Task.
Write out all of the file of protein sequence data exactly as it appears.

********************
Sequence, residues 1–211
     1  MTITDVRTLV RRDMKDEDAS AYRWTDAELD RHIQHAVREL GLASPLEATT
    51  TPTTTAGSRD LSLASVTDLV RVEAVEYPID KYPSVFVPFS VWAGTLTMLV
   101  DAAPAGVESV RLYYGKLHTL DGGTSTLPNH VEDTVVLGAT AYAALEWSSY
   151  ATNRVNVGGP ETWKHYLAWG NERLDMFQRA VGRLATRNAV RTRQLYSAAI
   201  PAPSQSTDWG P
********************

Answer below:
Sequence, residues 1–211
     1  MTITDVRTLV RRDMKDEDAS AYRWTDAELD RHIQHAVREL GLASPLEATT
    51  TPTTTAGSRD LSLASVTDLV RVEAVEYPID KYPSVFVPFS VWAGTLTMLV
   101  DAAPAGVESV RLYYGKLHTL DGGTSTLPNH VEDTVVLGAT AYAALEWSSY
   151  ATNRVNVGGP ETWKHYLAWG NERLDMFQRA VGRLATRNAV RTRQLYSAAI
   201  PAPSQSTDWG P